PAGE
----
In almost every relationship I have been involved in, the phrase “it is the little things that matter” is probably one of the most recurrent phrases I have heard. As a young child, this could be asking how my mom’s day went, or how much I appreciated the meal that was made for me. As a teenager, just making up my room or taking time out to help out with chores around the house were some of these little things. The impact or effect on whoever said it to me was obviously huge, and to them, it was a big deal.
The workplace is not so different, as a matter of fact, I have found that to be successful at work or in business, the little things really are the big things. Here are some examples of little things that could make a BIG difference:
As an Employee:
1. Planning your day:
How often do we find ourselves overwhelmed with tasks, such that we start to feel that our managers need to be a bit more compassionate about the volume of work thrown at us? How many of us use our task managers or to-do lists daily for some more structure? Sometimes it is easier to have conversations with our managers when we know what we have planned for the day. Doing this may just earn you the respect of your managers.
2. Keeping informed:
Do we know what is going on in the business outside of our specific roles or maybe in the industry apart from who is hiring? Keeping informed allows us to have some meaningful conversations, sometimes bumping into the CEO or one of the company directors could make the difference in our careers, a simple conversation that shows you are connected to the business beyond your regular job could well earn you the recognition you have been looking for. Think back to the last time you sought to know how other departments benefitted from your department and what you could do to support them.
3. Knowing what is expected of you:
Taking a look at our job descriptions/ KPI’s / role expectations! This is only a 5-minute activity that could be carried out at any point in the day, just to refresh and re-align yourself with your job and what the business expects of you.
4. Understanding your environment
What are the peculiarities of your work/business/industry environment, do you take time out to observe the things that make your environment unique and how can you add value?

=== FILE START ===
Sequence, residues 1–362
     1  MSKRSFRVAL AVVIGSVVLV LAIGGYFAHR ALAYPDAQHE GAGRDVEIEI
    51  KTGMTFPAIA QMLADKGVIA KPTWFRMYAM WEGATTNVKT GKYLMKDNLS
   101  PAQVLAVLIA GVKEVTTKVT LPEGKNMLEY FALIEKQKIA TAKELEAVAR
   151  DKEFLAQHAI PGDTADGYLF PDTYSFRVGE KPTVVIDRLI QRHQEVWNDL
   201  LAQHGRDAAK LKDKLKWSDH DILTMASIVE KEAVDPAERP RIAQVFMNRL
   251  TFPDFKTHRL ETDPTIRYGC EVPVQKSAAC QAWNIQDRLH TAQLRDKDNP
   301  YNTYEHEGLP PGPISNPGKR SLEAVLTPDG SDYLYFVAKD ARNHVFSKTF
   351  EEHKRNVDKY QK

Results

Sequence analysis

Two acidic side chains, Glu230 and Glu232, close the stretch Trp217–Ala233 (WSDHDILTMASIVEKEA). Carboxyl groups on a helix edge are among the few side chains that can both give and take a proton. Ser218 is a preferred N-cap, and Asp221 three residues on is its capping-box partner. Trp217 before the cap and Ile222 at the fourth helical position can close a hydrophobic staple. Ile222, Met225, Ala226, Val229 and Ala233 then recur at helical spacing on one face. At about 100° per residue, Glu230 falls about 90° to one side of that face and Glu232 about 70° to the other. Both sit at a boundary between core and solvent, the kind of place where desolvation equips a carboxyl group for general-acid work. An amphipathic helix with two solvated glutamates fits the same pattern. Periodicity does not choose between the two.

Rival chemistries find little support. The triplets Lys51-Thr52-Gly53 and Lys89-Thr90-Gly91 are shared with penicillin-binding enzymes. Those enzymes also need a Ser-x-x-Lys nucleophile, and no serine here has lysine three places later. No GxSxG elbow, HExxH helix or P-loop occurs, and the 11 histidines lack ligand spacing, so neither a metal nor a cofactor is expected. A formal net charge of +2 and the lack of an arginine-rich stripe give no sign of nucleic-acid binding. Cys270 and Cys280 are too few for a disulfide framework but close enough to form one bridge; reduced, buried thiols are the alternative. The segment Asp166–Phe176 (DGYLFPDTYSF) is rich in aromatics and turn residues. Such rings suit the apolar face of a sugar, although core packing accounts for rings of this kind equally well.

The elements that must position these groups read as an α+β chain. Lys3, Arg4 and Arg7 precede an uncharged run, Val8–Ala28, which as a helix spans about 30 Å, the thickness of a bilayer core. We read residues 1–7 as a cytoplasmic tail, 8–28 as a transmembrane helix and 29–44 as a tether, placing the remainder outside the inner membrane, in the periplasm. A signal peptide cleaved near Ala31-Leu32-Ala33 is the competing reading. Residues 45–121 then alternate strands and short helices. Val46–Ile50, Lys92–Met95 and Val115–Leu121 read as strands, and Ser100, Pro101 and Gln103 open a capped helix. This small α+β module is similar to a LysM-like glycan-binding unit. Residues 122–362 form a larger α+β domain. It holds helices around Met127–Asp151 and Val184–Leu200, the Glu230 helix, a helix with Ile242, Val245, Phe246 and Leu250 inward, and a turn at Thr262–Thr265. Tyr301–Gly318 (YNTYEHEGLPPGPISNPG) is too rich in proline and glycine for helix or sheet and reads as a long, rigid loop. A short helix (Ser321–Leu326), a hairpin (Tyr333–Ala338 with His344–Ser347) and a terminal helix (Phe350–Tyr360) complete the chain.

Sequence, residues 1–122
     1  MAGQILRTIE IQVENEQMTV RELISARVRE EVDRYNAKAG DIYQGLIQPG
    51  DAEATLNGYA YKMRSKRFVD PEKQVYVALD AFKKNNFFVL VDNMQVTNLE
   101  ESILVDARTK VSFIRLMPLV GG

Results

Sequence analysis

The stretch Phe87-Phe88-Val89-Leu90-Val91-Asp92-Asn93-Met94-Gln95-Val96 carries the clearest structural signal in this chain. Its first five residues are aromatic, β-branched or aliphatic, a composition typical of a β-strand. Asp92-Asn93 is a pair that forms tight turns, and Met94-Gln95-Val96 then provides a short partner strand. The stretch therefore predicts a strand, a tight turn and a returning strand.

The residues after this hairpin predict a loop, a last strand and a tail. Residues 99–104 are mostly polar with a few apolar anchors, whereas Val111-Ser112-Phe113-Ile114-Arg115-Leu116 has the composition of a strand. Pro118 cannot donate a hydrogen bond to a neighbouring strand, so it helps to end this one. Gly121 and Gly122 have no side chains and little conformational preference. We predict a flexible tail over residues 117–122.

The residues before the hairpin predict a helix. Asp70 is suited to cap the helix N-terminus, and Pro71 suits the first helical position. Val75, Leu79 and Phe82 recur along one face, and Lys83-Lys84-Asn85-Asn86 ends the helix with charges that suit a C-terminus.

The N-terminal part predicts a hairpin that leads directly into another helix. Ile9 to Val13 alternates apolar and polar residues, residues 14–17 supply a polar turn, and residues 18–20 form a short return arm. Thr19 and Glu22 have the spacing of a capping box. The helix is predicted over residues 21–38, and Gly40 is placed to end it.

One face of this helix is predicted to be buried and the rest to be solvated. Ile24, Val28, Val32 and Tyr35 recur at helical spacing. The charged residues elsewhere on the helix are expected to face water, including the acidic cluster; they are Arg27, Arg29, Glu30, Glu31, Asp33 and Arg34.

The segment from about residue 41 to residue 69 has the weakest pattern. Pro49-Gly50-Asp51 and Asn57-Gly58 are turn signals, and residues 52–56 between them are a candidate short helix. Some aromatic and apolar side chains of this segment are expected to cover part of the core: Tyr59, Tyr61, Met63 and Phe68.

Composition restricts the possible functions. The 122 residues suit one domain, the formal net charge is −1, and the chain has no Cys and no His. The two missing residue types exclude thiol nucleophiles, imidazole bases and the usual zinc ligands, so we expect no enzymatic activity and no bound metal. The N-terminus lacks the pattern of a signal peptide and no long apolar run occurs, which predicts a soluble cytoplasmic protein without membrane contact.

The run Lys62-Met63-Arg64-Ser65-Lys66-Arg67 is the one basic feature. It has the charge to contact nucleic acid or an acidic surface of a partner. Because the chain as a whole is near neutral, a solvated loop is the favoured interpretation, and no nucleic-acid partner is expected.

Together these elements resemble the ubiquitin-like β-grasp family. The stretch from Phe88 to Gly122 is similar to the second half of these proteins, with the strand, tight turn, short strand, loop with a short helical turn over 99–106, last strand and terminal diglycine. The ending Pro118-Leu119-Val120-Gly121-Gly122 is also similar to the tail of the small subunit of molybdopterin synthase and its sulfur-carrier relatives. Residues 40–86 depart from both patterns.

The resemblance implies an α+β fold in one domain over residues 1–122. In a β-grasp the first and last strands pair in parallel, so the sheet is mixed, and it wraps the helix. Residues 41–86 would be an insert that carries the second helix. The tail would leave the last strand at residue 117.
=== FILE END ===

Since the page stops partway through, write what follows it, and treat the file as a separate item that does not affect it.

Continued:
As an Employer
1. Setting the tone:
How many employers clearly communicate what they already know as the expectation to their employees – Vision/ Performance standards/ Culture expectations/ Values? Most employers in one form or another know these things, the problem more often than not is communicating them at the right time. As long as you have started a business you already have a rough cut of these. If you are a small business owner, this means making out time to talk to your people about what’s important. For the larger organizations, maybe it’s time to empower your HR Team by supporting the People/culture initiatives from the front.
2. Keeping Promises:
Most organizations invest in tools that provide support to the employees for greater effectiveness and efficiency, however the people still feel they are not being carried along on this ride to success? How often have we made the promise to our employees of a brighter future, only to cease communication when the time comes to fulfill our promise. Keeping a promise is possibly the most difficult thing to do (the future is uncertain) however we can earn the trust of our people simply by making sure they are kept in the loop. What is the point of building structures only to gag responsible departments? Courage in leadership is often tested in adversity and the results of courageous leadership rarely ends in the negative. Letting employees know the current state of things rather the grapevine representing you.
3. People Development:
The sum of all individual development adds up to organizational development. Development is often viewed from paid training perspectives, developing internal coaching and mentoring programs are affordable, and efficient if taken seriously.
4. Financial Discipline:
Resisting the urge to be spontaneous, most organizations invest with the business’s best interests in mind, however, taking time out to plan and ensure the best value is considered before diving into expenditure may be the wise move. Whether you are investing in people or other resources, it is best to look closely at the figures and value. We all want long term success and this is not possible if we have made fundamental financial errors at the beginning.
Well, there you have it, the Big little things by Olurotimi Ismail. The Big little things that makes a difference when it comes to workplace ethics, for the employees, and also the employer. To get more business developmental guides like this, you can subscribe to our newsletter, you can also download a pdf. copy of this guide, with added insights and book recommendations to better help you understand more about ethics and the workplace.